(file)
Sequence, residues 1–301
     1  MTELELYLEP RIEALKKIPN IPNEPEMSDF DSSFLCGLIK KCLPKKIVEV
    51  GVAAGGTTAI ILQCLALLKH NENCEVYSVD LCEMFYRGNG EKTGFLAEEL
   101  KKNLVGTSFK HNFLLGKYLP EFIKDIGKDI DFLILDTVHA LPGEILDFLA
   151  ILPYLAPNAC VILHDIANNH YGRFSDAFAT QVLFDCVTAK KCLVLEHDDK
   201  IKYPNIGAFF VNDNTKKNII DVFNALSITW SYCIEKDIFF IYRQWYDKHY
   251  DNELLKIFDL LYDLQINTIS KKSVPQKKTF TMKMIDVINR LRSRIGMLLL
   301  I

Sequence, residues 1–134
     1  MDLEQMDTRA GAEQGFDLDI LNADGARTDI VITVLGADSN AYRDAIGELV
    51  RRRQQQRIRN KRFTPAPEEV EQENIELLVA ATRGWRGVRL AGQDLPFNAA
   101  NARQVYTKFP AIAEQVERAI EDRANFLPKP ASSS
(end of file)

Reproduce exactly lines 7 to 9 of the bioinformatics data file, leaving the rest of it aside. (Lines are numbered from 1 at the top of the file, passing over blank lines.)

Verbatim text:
   251  DNELLKIFDL LYDLQINTIS KKSVPQKKTF TMKMIDVINR LRSRIGMLLL
   301  I

Sequence, residues 1–134